Thiamin absorption from benfotiamine has been shown to be about five times greater than from conventional thiamin supplements.
It is well established that using varied doses of benfotiamine for painful diabetic neuropathy have shown that symptoms of pain can be improved with benfotiamine supplementation. Pyridoxal-5’-phosphate (the biologically active form of vitamin B6) has also been found to be an excellent AGE inhibitor. One study combined P-5-P with benfotiamine and found significant improvements in pain levels in 86% of patients, sensory nerve conduction and motor nerve conduction in 45% of patients, and even HbA1c (indicator of blood sugar) levels in 63% of patients.
In conclusion, it is essential to consume adequate vitamin B1 levels in order to maintain healthy cells and keep glycation at bay.
Consuming sulbutiamine to help with brain vitamin B1 levels and benfotiamine to help with peripheral B1 levels is much more beneficial than consuming regular thiamin. Together, they will enhance sugar metabolism and prevent neurotoxicity from glycated proteins, thereby improving the function of the muscles, nerves and blood vessels in order to prevent or improve the complications that result from the complications of vitamin B1 deficiency and sugar overload.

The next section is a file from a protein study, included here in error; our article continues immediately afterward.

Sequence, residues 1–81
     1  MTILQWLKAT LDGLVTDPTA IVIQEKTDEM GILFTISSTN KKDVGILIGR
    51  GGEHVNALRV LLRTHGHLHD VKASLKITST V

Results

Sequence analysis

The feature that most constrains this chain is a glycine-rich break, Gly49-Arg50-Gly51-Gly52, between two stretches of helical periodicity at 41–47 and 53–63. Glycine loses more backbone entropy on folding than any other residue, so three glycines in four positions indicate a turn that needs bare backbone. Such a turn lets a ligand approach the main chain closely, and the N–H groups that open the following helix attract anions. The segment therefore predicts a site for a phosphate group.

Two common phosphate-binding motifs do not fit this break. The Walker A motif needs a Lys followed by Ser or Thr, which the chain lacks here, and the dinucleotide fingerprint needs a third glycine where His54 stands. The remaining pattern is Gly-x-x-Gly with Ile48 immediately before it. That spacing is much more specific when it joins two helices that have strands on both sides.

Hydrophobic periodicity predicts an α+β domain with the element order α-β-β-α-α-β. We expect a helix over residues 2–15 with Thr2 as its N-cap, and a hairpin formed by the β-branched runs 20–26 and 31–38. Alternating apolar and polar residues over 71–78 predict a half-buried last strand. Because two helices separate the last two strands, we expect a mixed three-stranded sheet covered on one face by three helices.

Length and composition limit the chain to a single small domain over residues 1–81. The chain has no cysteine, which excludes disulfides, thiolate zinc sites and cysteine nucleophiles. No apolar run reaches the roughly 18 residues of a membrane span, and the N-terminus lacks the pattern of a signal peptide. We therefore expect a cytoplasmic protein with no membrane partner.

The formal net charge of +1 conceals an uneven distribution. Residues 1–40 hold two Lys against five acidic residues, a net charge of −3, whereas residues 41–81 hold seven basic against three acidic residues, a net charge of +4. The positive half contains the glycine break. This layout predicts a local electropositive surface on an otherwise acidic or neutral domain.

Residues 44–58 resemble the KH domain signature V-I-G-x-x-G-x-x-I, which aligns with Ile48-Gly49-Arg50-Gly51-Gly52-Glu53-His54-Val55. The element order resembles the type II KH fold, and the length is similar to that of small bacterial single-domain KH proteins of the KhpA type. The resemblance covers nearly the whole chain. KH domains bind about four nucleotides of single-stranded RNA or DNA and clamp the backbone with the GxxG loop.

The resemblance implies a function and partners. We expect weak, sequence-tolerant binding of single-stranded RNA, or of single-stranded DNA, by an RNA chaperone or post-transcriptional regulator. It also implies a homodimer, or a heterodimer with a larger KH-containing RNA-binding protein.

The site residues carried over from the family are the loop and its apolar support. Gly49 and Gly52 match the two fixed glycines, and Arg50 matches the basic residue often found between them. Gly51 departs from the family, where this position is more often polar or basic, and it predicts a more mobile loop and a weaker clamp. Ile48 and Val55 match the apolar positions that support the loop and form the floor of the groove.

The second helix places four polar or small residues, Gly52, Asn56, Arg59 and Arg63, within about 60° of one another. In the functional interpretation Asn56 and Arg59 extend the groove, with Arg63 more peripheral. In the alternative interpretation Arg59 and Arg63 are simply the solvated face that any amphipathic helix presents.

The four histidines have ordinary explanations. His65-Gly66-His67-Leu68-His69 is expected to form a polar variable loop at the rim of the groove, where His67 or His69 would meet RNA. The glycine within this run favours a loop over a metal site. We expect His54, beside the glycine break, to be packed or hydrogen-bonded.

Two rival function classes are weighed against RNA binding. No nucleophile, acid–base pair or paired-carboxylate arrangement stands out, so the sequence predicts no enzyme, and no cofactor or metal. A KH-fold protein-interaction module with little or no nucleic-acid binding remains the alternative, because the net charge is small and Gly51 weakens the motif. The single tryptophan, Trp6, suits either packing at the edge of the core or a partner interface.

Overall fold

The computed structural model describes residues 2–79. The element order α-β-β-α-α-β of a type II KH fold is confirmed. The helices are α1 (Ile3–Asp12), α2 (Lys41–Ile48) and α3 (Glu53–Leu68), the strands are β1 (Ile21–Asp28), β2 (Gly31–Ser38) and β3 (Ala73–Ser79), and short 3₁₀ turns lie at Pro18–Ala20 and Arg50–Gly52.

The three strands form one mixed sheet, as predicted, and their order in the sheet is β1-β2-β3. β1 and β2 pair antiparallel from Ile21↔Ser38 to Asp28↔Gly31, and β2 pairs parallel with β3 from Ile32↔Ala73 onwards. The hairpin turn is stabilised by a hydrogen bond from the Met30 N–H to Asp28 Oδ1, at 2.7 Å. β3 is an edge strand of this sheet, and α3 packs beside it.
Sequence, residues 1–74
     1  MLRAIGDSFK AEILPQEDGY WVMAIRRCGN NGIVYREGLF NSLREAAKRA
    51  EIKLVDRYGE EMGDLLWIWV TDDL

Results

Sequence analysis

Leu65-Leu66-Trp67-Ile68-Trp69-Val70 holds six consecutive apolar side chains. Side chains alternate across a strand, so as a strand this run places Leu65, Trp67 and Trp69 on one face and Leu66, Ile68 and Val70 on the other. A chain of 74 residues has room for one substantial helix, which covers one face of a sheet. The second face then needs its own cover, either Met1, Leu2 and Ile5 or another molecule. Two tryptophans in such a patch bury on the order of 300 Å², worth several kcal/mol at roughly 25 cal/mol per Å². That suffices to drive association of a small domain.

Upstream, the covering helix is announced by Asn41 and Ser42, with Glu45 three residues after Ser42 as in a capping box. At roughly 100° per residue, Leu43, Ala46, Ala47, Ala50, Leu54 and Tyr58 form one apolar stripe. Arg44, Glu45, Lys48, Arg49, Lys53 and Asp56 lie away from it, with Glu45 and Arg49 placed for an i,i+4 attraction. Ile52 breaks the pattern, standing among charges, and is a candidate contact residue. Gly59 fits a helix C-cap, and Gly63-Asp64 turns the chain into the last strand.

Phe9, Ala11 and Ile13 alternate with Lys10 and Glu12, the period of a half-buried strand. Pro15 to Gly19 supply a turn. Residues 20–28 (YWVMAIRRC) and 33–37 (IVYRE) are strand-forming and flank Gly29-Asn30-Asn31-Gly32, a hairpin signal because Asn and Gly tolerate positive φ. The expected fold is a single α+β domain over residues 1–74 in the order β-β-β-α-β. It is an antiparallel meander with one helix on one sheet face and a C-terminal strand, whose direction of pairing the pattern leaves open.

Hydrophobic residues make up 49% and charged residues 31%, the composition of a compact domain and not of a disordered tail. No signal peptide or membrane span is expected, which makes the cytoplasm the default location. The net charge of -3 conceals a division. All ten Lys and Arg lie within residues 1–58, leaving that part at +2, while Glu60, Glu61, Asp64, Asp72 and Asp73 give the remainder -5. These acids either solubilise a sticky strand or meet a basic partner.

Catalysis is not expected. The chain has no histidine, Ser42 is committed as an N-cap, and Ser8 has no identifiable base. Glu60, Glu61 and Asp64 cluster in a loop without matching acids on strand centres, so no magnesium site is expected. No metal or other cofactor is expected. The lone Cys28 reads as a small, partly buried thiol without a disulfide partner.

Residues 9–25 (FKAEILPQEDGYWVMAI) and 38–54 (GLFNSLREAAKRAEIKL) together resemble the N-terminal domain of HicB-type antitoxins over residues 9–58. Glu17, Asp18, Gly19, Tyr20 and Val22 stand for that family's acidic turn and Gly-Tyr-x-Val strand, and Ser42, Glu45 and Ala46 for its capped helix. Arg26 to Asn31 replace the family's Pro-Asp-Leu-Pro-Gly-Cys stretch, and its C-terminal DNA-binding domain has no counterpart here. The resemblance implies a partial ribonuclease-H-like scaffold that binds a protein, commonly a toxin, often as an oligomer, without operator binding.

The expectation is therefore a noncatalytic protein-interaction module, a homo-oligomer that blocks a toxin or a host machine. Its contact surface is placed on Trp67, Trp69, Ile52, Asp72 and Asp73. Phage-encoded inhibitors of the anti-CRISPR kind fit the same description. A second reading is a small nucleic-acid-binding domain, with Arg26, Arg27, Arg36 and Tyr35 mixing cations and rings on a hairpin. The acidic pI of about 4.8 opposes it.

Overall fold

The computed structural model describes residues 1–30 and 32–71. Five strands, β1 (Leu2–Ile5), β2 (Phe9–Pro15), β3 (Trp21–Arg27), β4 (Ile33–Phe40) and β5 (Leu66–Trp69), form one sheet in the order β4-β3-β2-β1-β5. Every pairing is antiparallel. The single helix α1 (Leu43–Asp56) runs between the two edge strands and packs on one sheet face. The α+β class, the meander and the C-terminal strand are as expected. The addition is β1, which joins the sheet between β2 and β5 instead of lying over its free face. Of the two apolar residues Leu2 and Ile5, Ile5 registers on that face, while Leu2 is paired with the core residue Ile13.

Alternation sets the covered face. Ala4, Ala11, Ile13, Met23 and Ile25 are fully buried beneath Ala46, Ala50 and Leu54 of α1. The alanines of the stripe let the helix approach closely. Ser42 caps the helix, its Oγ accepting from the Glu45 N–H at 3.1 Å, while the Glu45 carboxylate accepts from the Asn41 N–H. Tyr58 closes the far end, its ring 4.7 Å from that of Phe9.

• discontinued

recommended use
Take 1 capsule daily with food or as directed by a qualified health care practitioner

contains per daily serving (1 capsule)
sulbutiamine 50mg
(as thiamin disulfide O,O - diisobutyrate)
benfotiamine 50 mg
(as S-benzoylthiamine-O-monophosphate

active ingredient (benfotiamine, sulbutiamine), filler (microcrystalline cellulose), capsule (hypromellose, gellan gum, potassium acetate, water)

keep dry and closed at normal room temperature between 15 - 22°C.
keep out of reach of young children

do not use during pregnancy or lactation
consult a health care practitioner for use beyond 6 weeks.

allergy information
contains no familiar allergens (wheat, gluten, soy, lupin, nuts/tree nuts, celery, mustard, sesame seeds, dairy, egg, fish/shellfish or mollusks)

suitable for vegetarians and vegans